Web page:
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About Col. James Murray (1736-1816)



From Find A Grave Memorial# 52353197
http://www.findagrave.com/cgi-bin/fg.cgi?page=gr&GSln=Murray&GSiman=1&GScid=44586&GRid=52353197&

Col. Murray served in the Revolutionary War under Col. James Potter. He was a Lt. Col. from the fall of 1776 until March 10, 1777 in Col. Potter's Pennsylvania Regiment. He was commissioned May 21, 1777, Colonel of the Second Battalion of Northumberland County Militia and served until the end of the war.

(special thanks to PattyB #47090714 for the following info) Col. James Murray was born in Sherman's Valley, Cumberland (then was Perry County), PA. Died in Chillisquaque, near Watsontown, in what was Northumberland Co. (now Montour), PA. His widow stated he died in 1816, but the stone shows 1817 (see below). His father was James Murray Sr. (~1706 County Armagh Ireland - Dec 1757 Sherman's Valley, Cumberland, PA( & his mother was Jean or Janet (last name unknown)(~1706 Ireland - after 1758 in PA).

In 1769, James and his brothers, John & William, along with James McMahon, Thomas Hewitt, Johnson Chenney & William Fisher crossed over into Chillisquaque Valley where they took up about 300 acres of land on the south side of the Chillisquaque Creek. They built their homes on the north side. (now Pottsgrove). According to the survey of James McMahan's farm it was the month of April 1769.

Col. Murray owned most of the land north of Pott's Grove including the present town site. Col. James entered and had surveyed a large tract of land on the west side of the Creek beginning at some distance above the present Catawissa Railroad Bridge and running SE to about where the Presbyterian Church of Pottsgrove now stands, and then turned SW with the bend of the creek, to a white oak tree which marked the corner between the James McMahan and Murray farms. The same white oak tree still stands and has been for many years, the established corner of 4 different farms. Brother John entered a large tract on the opposite side of the creek and William still higher up.

Col. James Murray served his country and served well. After peace was declared, he retired to private life, spending his time in his farm cultivation, was a useful man in his community and among the pioneers of Presbyterianism in the new settlement. He was found in death, having gone out to bring in his sheep. His passing came on April 1, 1816 according to his widow's deposition, though his tombstone says 1817. Ann said he was upward of 75 years old. The tombstone says age 80. It may well be that Ann's memory had faded in the 20 or so years since her husband's death when she gave her deposition. Inscription: In Memory of James Murray Who Died April 1, 1817, Aged 80 Years.


Per Samuel McMahan, Esq. in his "History of the McMahan Family":

Colonel Murray was a brave, fearless soldier and an efficient officer. He too, like Capt McMahan, gave of his own means to keep men in the field; but his descendants were more fortunate than those of his brother-in-law McMahan, inasmuch that the government reimbursed them dollar for dollar with interest. The colonel served in different capacities during the entire war. He served the country and served it well, and after peace was declared he retired from the active duties of a soldier to that of a private citizen--spending his time in the cultivation of his farm. He was a useful man in the community and among the pioneers of Presbyterianism in the new settlement--active in the formation and support of the Chillisquaque church, of which organization one of his grandsons is an active ruling elder at the present time. The colonel lived to be an old man, and died like Jacob, leaning upon the top of his staff. He had gone out in the evening to bring in his sheep to house them from the depredation of dogs, and not returning, a member of his family went in search of him, and found him cold in death, with his hand holding the top of his staff--which had run into the ground--supposed to be by the pressure of his weight in falling. Thus ended the life of a useful man. 'Verily man knoweth not his time.' Although this soldier, citizen and christian fell by the way, he still lives in the life of his descendants, many of whom were and still are active members of the same religious organization he helped to form more than a century and a quarter ago.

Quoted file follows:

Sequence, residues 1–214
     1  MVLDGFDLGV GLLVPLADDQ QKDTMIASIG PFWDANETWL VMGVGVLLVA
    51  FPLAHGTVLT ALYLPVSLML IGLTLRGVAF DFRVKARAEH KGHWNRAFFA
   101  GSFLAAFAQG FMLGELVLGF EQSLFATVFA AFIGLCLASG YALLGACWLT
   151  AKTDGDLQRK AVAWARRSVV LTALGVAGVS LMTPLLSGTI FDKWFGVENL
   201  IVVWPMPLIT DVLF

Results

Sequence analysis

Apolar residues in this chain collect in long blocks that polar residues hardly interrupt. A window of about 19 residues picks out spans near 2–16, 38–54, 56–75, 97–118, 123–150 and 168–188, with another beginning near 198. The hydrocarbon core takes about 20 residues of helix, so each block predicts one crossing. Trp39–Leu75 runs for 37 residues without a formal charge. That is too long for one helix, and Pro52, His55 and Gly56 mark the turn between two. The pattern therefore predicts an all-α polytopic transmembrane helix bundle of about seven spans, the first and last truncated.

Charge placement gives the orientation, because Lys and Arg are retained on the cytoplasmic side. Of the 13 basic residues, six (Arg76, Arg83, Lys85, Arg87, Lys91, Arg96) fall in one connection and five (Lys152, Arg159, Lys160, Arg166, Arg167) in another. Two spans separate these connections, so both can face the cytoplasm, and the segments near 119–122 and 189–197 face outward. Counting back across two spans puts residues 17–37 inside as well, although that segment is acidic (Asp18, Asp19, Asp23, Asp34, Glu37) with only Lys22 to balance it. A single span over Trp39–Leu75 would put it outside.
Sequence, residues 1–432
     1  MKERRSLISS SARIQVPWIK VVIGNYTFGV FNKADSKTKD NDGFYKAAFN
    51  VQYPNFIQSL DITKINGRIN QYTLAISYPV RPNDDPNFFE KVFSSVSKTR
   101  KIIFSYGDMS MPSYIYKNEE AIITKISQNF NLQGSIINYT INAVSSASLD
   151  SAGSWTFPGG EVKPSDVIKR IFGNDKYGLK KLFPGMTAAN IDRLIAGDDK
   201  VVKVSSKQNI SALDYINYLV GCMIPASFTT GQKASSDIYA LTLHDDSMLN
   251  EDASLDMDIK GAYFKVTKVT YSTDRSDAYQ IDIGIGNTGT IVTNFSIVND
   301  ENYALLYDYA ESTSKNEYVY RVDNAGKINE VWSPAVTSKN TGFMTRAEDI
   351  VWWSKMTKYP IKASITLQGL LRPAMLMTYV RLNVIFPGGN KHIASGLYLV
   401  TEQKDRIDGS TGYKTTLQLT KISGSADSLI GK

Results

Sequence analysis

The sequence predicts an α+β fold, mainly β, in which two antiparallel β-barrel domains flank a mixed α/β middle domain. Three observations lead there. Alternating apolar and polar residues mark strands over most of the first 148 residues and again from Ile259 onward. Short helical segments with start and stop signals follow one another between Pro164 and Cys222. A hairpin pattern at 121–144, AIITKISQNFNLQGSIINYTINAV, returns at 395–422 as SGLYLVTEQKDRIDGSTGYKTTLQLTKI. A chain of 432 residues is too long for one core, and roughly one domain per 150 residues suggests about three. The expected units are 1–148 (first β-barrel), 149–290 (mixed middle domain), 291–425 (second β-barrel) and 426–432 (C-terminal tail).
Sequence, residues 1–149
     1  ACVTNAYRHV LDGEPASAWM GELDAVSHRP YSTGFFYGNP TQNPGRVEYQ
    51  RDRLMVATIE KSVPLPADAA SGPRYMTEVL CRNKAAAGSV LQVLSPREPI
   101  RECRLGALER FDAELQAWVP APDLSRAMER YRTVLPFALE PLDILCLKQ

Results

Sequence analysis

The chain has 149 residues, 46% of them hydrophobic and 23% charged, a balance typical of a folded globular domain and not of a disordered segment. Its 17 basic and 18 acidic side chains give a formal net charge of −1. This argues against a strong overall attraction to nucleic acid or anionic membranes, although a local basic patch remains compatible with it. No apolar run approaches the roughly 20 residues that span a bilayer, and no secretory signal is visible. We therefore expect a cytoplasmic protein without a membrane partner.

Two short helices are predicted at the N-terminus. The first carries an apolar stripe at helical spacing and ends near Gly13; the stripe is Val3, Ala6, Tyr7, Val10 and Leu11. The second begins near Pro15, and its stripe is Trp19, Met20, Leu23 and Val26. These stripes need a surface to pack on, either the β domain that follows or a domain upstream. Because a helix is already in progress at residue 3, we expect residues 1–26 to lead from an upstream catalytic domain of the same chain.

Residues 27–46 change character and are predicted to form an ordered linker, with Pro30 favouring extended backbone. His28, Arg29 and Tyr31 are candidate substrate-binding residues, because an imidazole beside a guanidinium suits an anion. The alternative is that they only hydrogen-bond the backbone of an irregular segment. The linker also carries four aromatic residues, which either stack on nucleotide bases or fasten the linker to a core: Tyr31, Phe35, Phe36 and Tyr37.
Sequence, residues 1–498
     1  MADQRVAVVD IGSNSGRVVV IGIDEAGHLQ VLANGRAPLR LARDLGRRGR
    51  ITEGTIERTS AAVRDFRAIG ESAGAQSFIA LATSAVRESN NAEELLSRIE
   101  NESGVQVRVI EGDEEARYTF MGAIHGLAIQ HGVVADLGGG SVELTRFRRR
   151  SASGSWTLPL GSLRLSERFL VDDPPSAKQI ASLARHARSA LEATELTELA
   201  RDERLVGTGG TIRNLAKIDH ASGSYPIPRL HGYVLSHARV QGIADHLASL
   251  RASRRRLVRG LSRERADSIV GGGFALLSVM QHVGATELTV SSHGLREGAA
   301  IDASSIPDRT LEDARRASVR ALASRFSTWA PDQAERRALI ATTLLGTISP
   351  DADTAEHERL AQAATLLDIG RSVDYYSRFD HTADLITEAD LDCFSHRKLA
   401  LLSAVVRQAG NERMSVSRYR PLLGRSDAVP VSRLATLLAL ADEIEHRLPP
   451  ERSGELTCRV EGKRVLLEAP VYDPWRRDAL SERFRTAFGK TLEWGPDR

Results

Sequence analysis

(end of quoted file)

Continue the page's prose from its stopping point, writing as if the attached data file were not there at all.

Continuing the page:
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Children with 1st wife, Margaret or Mary Ann Fisher: Mary (~1762-1831 married 1st James Morrison, married 2nd William Reed Jr., Esq.); Thomas (~1766-1838 married Jane "Jennie" McMahan); and Samuel (~1768).

Children with 2nd wife, Ann "Nancy" Winn: James Potter (1779-1848 married Margaret unknown); Margaret (1781-1842 married Mr. McCoy); Isabella "Belle" (1785-1842 married Daniel Gray); Robert (1787-before 1846); John (1789- ? married Mary unknown); Jonathan (1792-?); Hester "Kittie" (1794-after 1855 m1 George Barclay, m2 John R. Ketler); Mary Jane (1796-1844 married Capt William Boyd Barrett); William (1798-1883 married Jane S. Kerr); and James (1800-?).


Linked toCol. James Murray, Jr.

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